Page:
# General question re infinities

elementbrdr
Hi,

I have a question about infinity that probably stems from lacking a rigorous understanding of infinity. My understanding is that, generally, operations on infinity result in infinity. For example 2 * infinity = infinity. I am able to accept this in the abstract. However, it gets more confusing when I look at the issue in more detail. Assume two series of integers, A: 1, 2, 3, 4, 5, 6, 7, 8... and B: 2, 4, 6, 8... . For any integer x, A will have x elements and B will have x/2 elements. What I don't get is why this relationship does not hold to infinity.

I have not background in this area, so I apologize in advance if I'm asking a simple question.

Thank you.

## Answers and Replies

Staff Emeritus
Homework Helper
There are as much elements in the set {1,2,3,4,5,6,...} as in the set {2,4,6,8,10,...}

The simple reason for this is that there is a bijection between the two sets. Indeed, you can map every element in the first set to its double.

I know it's counterintuitive at first, but it's the way it is. I can't explain you why in terms that are intuitive to you, because the result isn't intuitive. You just have to see that it is indeed true and then accept it as true. Intuition doesn't help with infinities, simply because our world is finite and everything we work with is finite.

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Homework Helper
Hi,

I have a question about infinity that probably stems from lacking a rigorous understanding of infinity. My understanding is that, generally, operations on infinity result in infinity. For example 2 * infinity = infinity. I am able to accept this in the abstract. However, it gets more confusing when I look at the issue in more detail. Assume two series of integers, A: 1, 2, 3, 4, 5, 6, 7, 8... and B: 2, 4, 6, 8... . For any integer x, A will have x elements and B will have x/2 elements. What I don't get is why this relationship does not hold to infinity.
But it does! Both sets have an infinite number of elements and, as you just said, infinity/2= infinity.

I have not background in this area, so I apologize in advance if I'm asking a simple question.

Thank you.

Gold Member
2021 Award
elementbrdr, you should also be careful about using the term "infinity" since there are in fact NUMEROUS infinities, which ARE different (in fact, as I recall there are an infinite number of them).

They are called "Aleph Null" and on up.

wish you were able to get it worked out!http://www.hergoods.info/avatar1.jpg [Broken]

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SteveL27
Hi,

I have a question about infinity that probably stems from lacking a rigorous understanding of infinity. My understanding is that, generally, operations on infinity result in infinity. For example 2 * infinity = infinity. I am able to accept this in the abstract. However, it gets more confusing when I look at the issue in more detail. Assume two series of integers, A: 1, 2, 3, 4, 5, 6, 7, 8... and B: 2, 4, 6, 8... . For any integer x, A will have x elements and B will have x/2 elements. What I don't get is why this relationship does not hold to infinity.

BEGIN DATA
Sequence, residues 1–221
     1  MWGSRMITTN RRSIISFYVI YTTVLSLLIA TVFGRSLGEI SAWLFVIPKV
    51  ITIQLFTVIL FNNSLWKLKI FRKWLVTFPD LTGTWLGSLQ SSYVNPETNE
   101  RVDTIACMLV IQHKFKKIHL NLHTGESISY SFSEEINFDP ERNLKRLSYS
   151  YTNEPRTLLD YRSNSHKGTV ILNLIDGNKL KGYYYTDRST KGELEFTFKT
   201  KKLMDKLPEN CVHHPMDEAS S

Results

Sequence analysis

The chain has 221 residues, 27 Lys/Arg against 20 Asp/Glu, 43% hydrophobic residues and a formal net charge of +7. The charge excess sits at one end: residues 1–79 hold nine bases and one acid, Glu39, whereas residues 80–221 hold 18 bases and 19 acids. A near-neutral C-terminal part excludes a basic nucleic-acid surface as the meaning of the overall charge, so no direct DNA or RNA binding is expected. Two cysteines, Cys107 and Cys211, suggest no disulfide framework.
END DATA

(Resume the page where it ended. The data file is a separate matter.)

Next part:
I have not background in this area, so I apologize in advance if I'm asking a simple question.

Thank you.

Your question is actually profound. In 1638 Galileo noted the same thing ... that the set of whole numbers could be put into one-to-one correspondence with the set of perfect square numbers ... even though the latter are clearly a proper subset of the former.

Today it's simply accepted that an infinite set can be put into one-to-one correspondence with a proper subset of itself. That doesn't remove the underlying mystery. But these days we just accept it and work with it.

The underlying issue is the idea of an infinite set in the first place. 1, 2, 3, 4, ... considered all at once, as something we call a set. Where does the set of counting numbers live? Not in the physical universe; but only in our minds. After that it's all philosophy.

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DonAntonio
Your question is actually profound. In 1638 Galileo noted the same thing ... that the set of whole numbers could be put into one-to-one correspondence with the set of perfect square numbers ... even though the latter are clearly a proper subset of the former.

Today it's simply accepted that an infinite set can be put into one-to-one correspondence with a proper subset of itself. That doesn't remove the underlying mystery. But these days we just accept it and work with it.

It is not "accepted": it is one of possible several equivalent definitions of infinite set within ZFC.

DonAntonio

SteveL27
It is not "accepted": it is one of possible several equivalent definitions of infinite set within ZFC.

Just answering the question at the level it was asked. I was addressing the OP's question about infinity. Of course you're correct technically.

Still, in what branch or area of math it is NOT accepted that an infinite set is bijectively equivalent to a proper subset of itself? Either as a property or as the defining attribute? That is in fact essential to our modern understanding of infinity.

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